What is the Tax and Price Index (TPI)?

Used primarily in the United Kingdom, a tax and price index measures the amount that a consumer’s income would have to increase to compensate for increases in inflation and taxes.

How Does the Tax and Price Index (TPI) Work?

Assume John Doe has $50,000 in disposable income this year. Next year, inflation increases by 2% and Doe’s taxes increase by 5%, which dramatically decrease the purchasing power of John’s $50,000. To keep up, his $50,000 would need to increase by 7%. Similarly, the tax and price index measures, in more sophisticated and accurate terms, how much consumer incomes would need to increase in order to have the same purchasing power. Because the measure is an index, its calculations are relative to a historical year.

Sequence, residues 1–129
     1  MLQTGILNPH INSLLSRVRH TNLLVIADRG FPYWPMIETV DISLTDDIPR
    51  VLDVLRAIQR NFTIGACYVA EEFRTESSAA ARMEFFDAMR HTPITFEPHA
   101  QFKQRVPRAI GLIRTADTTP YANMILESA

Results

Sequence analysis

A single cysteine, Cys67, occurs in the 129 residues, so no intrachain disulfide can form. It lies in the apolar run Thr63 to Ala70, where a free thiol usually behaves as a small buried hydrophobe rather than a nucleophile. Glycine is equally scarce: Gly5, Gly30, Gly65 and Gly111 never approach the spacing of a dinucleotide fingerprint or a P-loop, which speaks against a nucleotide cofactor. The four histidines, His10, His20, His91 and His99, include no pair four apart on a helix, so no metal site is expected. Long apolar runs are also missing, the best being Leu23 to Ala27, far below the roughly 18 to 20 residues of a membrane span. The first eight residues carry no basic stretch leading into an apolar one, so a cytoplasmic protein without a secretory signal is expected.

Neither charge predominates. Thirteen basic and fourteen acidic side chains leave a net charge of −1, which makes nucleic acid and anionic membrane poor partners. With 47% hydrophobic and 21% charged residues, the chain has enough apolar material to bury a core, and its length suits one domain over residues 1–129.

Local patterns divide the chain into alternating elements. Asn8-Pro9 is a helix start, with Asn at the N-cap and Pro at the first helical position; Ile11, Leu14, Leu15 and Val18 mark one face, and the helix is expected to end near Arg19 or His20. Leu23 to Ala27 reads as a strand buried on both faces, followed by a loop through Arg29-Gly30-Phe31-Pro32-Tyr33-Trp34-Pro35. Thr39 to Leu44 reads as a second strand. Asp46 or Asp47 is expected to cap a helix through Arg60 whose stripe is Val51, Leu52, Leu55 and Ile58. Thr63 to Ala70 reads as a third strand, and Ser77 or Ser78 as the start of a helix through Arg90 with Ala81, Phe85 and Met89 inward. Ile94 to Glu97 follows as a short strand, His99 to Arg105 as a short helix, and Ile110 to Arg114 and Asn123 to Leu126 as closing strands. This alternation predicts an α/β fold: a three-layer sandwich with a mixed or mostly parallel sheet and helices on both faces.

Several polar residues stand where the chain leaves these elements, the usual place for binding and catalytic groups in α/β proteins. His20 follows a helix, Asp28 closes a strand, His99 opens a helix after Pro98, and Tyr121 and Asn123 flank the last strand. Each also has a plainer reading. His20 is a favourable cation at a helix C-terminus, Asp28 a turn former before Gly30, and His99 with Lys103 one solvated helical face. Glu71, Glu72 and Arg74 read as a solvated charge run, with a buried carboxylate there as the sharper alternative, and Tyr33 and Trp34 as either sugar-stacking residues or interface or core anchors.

Why Does the Tax and Price Index (TPI) Matter?

The tax and price index is a measure of consumer purchasing power. It is in some ways an enhancement to the consumer price index because it accounts for the additional burden of tax increases.

Ask an Expert about Tax and Price Index (TPI)

All of our content is verified for accuracy by Paul Tracy and our team of certified financial experts. We pride ourselves on quality, research, and transparency, and we value your feedback. Below you'll find answers to some of the most common reader questions about Tax and Price Index (TPI).

Be the first to ask a question

If you have a question about Tax and Price Index (TPI), then please ask Paul.

Ask a question
Paul Tracy
Paul Tracy

Paul has been a respected figure in the financial markets for more than two decades. Prior to starting InvestingAnswers, Paul founded and managed one of the most influential investment research firms in America, with more than 3 million monthly readers.

Verified Content You Can Trust
verified   Certified Expertsverified   5,000+ Research Pagesverified   5+ Million Users